Isaiah 60.1-6; Psalm 72.10-15; Ephesians 3.1-12; Matthew 2.1-12
COMPETING visions of kingship and authority lie at the heart of the Epiphany story. As members of an educated, wealthy, priestly class, the Magi had direct access to rulers and the centres of imperial power. In the book of Daniel and writings of historians such as Seneca and Tacitus, we see how seriously Persian kings and Roman emperors took the word of such astrologers. (Warren Carter, Matthew and the Margins).
The homage that the Magi pay to the Christ-child fulfils the prophecies contained in this Sunday’s Old Testament readings. Psalm 72 speaks of Gentile kings journeying to Jerusalem to bear gifts to the Jewish monarch. Isaiah 60 makes specific reference to such kings bringing gifts of gold and frankincense. (It is probably these prophecies, and their evident wealth, which led to the mistaken identification of the Magi as kings.)
Their visit fulfils these prophecies, and yet indicates that the Christ-child embodies a very different vision of kingship. Along with gold and frankincense, the Magi present the infant Jesus with the burial spice of myrrh, foreshadowing his crucifixion. Instead of bringing their gifts to the Temple in Jerusalem, they pay homage in the humble lodgings of the Holy Family in Bethlehem (v. 11).
While they have discovered Jesus’s birth star, the knowledge of the Magi is incomplete. They need to turn to the Jewish scriptures to establish where the child is to be found; hence their encounter with King Herod and the religious authorities (vv. 5,6). This leads on to the most paradoxical element in the Epiphany story: “those who have the Scriptures and can see plainly what the prophets have said are not willing to worship the new-born king.” (Raymond E. Brown, Christ in the Gospels of the Liturgical Year).
Those at the heart of religious power and knowledge in Jerusalem reject God’s saving work. Like the humble shepherds in Luke’s Gospel, it is the marginal characters — in this case, pagan visitors from the East — who are willing to pay homage to the true king.
In the story of Jesus’s infancy, Matthew is preparing his readers for the conflicts to come. The same cast of characters is present as at the Passion: the secular ruler, surrounded by “all the chief priests and scribes of the people” (v. 4). In Herod, we are given one vision of kingship and its relationship to religion. A puppet “King of the Jews” enforcing a brutal Roman occupation, he has co-opted the chief priests and scribes to reinforce the status quo.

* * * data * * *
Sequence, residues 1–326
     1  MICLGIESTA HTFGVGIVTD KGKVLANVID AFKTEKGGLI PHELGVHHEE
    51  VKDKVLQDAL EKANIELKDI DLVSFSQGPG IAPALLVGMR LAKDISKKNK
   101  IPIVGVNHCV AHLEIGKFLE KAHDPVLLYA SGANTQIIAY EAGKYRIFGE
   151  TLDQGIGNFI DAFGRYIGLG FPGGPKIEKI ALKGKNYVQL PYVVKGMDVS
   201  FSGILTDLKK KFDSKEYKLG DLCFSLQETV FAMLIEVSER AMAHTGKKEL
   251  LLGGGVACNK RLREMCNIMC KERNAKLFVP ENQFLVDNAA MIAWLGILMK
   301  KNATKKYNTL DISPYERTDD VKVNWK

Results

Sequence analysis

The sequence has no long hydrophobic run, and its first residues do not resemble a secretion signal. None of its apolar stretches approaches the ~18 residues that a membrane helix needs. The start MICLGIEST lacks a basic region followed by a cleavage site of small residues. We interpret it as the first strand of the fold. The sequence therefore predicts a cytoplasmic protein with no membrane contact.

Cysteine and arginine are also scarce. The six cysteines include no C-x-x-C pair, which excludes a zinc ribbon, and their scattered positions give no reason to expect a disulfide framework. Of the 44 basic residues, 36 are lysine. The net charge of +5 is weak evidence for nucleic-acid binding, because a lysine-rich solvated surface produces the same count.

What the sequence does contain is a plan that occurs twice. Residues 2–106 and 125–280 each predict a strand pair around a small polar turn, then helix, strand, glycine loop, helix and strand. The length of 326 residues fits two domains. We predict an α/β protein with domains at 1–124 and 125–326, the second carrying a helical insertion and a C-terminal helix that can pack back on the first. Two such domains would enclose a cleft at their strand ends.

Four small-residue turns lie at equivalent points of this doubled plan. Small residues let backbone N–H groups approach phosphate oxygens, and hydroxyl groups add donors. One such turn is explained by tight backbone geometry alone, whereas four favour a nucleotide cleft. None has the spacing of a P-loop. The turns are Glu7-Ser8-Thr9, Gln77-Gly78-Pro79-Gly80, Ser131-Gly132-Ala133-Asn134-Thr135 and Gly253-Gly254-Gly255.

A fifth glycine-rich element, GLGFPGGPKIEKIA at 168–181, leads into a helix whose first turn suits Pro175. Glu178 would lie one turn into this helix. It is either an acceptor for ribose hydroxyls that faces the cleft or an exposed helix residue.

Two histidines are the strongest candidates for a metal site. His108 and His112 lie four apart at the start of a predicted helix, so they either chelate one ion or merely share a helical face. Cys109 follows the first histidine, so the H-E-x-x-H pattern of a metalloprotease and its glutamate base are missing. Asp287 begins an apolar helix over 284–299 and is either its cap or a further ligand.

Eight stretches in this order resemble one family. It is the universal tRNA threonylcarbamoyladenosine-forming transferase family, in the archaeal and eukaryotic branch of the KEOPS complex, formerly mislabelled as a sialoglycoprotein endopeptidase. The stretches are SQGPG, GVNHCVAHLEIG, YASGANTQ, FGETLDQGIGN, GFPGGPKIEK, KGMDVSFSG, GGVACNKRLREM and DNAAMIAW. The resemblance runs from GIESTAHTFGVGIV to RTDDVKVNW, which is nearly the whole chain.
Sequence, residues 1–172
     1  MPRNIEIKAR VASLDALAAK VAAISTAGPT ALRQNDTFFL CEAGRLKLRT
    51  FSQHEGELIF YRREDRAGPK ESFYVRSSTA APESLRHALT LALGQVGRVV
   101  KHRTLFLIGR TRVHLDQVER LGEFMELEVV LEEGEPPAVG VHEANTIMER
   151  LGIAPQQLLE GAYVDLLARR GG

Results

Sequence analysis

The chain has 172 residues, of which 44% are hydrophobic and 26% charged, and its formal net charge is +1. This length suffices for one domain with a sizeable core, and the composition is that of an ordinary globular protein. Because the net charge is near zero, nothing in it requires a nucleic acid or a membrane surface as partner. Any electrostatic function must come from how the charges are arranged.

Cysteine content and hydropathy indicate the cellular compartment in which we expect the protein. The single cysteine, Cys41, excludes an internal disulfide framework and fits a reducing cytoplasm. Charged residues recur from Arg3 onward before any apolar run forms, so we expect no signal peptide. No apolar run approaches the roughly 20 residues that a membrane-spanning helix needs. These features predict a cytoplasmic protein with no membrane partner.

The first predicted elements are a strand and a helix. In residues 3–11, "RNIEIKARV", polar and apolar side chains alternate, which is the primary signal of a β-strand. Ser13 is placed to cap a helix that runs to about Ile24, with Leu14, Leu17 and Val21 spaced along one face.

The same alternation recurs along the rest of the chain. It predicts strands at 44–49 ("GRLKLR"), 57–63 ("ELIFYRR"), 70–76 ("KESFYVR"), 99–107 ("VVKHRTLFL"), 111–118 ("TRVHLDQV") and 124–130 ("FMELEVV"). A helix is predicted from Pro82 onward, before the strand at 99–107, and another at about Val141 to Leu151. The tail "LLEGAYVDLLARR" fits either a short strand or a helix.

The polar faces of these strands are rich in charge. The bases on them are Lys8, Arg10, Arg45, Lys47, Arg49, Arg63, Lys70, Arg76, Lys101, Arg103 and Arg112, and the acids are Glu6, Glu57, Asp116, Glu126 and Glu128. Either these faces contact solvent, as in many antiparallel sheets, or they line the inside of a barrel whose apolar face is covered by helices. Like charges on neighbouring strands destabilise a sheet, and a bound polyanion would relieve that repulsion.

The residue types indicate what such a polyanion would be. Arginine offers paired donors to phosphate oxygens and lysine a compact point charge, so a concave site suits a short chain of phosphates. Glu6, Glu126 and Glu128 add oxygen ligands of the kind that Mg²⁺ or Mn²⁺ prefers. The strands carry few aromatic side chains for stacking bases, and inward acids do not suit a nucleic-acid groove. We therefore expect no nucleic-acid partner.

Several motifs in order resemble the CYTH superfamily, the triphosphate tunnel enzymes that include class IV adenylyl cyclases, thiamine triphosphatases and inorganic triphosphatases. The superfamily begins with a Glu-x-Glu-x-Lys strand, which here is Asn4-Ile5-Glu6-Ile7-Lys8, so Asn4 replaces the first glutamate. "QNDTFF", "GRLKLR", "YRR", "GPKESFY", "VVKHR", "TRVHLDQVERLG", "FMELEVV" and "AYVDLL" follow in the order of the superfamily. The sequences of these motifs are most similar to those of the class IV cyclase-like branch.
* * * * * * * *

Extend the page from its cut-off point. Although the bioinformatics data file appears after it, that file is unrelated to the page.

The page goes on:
The response of those religious leaders to news of another, more authentic king is one of fear (v. 3). Herod’s reaction is altogether more brutal: he, too, is fearful, but responds with lies (vv. 7,8) and, ultimately, genocidal violence (vv. 16-18). His slaughter of the Holy Innocents echoes Pharaoh’s killing of all Hebrew sons in Exodus 1.
In the Christ-child, a different vision of kingship and religion is proclaimed. The true “King of the Jews” does not enforce homage by violence. Like the infant Moses, he escapes the intended slaughter, and grows up to liberate his people. As an adult, Jesus will challenge the “heavy burdens” placed on the poorest by the religious authorities — and will cleanse and ultimately replace the Temple which Herod had built to cement his power.
The Magi have decided where their allegiance lies. Rather tactlessly, they tell Herod that they have come to offer worship (proskynesis) to the newborn king (v.2). The word they use is both a religious and a political one. Proskynesis designates the prostration which was given throughout the East when greeting a ruler. It is also the term used by the devil in Matthew 3, when he offers Jesus all the kingdoms of the world in exchange for his worship (Theological Dictionary of the New Testament).
In this Gospel passage, each character ultimately has to decide to whom their lives will pay homage. As Warren Carter observes, “The Magi have not extended any such submission to King Herod. They have made their choice.”
As each generation of Christians reads this story, it poses the same searching questions to us. What choice have we made? Where do our loyalties lie? To which powers are our lives ultimately paying homage?